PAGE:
Posts Tagged ‘Baba Jean’

Ship Channel boat tour!

Wednesday, July 15th, 2015

A couple of months ago, Bill declared we had reservations for a boat tour. The Port of Houston Authority operates the M/V Sam Houston on a free 90-minute tour of Houston’s Ship Channel. Baba Jean and Izzy joined us for this outing, Sam and Cate’s second ride on a boat!

Baba Jean, Bob, Sam

Bill, Cate, Izzy

Sam dancing

Tank farm

Pine 5 freighter

Cate and Sam in the fantail


Jean and Izzy

About an hour into the ride, I realized my camera auto-focus was disabled. Sorry!





Ship Channel Bridge

After the boat tour, we crossed back over the bayou and headed to Brady’s Landing. The parking lot was packed — they had 5 events that morning! — but the restaurant was wide open. We enjoyed their seafood buffet, dessert, and their panoramic view of boats and birds along the bayou.

Sleepy Cate

Sleeping Sam

Looking at how this sleeping Sam neatly fills her car seat, I’m reminded of an earlier trip to the Ship Channel, while a tiny Sam dozed. Such changes in two years!

Hum for the fishies…

Monday, April 28th, 2014

As of April, it’s warm enough to get back in the water, especially the hot tub outside Sarah’s condo. Time to resume teaching girls to swim!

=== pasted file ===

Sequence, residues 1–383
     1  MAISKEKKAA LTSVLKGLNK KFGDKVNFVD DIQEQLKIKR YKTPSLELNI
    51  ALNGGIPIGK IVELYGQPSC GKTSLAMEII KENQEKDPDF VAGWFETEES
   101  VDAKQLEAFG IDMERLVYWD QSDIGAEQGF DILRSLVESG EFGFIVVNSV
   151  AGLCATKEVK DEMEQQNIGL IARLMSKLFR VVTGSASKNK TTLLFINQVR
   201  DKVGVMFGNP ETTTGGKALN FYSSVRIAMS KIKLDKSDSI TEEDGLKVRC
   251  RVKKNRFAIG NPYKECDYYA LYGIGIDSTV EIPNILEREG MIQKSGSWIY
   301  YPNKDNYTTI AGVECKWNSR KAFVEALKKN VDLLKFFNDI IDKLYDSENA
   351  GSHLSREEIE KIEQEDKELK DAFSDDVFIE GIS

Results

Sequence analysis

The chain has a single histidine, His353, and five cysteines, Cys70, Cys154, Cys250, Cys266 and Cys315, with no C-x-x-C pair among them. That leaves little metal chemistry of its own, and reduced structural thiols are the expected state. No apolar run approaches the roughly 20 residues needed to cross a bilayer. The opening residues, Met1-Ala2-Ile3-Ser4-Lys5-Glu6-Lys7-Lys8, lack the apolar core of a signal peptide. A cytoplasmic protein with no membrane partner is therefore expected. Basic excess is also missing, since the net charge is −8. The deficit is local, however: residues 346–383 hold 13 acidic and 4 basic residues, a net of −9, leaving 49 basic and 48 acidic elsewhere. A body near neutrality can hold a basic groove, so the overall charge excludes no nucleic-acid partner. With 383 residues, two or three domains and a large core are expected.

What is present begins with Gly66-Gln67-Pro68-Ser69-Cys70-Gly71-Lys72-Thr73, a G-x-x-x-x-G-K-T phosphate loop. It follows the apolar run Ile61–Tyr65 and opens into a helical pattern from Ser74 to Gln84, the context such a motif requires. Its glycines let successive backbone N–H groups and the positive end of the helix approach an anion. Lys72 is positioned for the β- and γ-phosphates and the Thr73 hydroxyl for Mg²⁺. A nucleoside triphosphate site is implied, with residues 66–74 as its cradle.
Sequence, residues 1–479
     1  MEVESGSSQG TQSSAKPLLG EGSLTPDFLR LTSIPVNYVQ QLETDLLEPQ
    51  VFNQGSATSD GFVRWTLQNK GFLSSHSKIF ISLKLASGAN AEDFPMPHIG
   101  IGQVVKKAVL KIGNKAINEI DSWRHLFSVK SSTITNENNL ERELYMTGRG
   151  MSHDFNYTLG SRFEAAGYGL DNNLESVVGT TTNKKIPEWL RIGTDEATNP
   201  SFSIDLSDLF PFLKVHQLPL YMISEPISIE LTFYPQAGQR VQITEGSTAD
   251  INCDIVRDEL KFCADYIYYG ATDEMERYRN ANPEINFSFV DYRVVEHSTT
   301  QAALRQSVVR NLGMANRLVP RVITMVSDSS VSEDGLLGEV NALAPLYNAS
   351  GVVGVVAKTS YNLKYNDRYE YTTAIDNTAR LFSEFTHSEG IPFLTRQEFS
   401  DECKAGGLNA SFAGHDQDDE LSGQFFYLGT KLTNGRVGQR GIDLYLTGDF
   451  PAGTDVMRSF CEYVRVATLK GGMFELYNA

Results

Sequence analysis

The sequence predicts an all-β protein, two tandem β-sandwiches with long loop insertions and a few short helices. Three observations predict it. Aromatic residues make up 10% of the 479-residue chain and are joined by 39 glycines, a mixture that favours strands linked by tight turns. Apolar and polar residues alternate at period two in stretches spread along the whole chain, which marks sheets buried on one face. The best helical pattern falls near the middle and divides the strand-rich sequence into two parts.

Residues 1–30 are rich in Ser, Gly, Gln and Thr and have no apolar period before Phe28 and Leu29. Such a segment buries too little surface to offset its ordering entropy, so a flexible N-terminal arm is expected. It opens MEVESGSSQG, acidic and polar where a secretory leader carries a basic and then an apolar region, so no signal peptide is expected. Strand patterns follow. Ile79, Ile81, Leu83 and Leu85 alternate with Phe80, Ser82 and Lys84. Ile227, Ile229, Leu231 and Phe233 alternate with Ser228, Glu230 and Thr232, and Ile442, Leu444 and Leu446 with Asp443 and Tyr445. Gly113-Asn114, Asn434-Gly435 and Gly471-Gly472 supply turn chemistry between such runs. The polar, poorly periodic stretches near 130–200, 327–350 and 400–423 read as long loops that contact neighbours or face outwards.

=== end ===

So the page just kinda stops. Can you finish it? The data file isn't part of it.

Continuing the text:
While filling the recycle bin a few days ago, I skimmed a parenting mag that reminded me about humming. As in, humming is a great tactic for a kid to put their face in the water without getting water up their nose.

We practiced humming over dinner, I demonstrated in the bathtub and girls practiced, and then we brought our new skills to the condo pool. To help girls see how it’s supposed to work, I made a short video.

Here’s Mama Bob humming for the fishies:

Get the Flash Player to see this video.

On the upside, girls can now hum and — very gingerly — put their faces under water. We clap and cheer each time they do!

On the other hand, they also expect real fishes. Over the weekend, while we were swimming in Bellaire’s competition lap pool, Sam suddenly went from standing in the gutter to tumbling head-first into the deep end. Bill and I were right there and Bill scooped her up just a few seconds later.

After a very-startled Sam finished coughing and sneezing out water, I asked her what happened. She said that she had been trying to see the fishes — leaned over with her face right over the water — and slipped.

Oops! I guess it’s time to order a set of diving fish from Amazon. And fortunately, Bellaire’s much shallower “family frog” pool will open on May 3rd.

After dinner conversation: livestock show!

Wednesday, March 12th, 2014

Every March, Houston hosts a livestock show and rodeo at Reliant Center. The show includes tons (literally) of toddler-friendly displays and a petting zoo. This year, we brought Gram Nancy with us one week and Baba Jean the next.

From time to time, I capture some after-dinner conversation with Sam and Cate, as a snapshot of their personality at the time. Here they are on March 12, 2014 — nearly 2-1/2 years old — talking about their trip to the livestock show: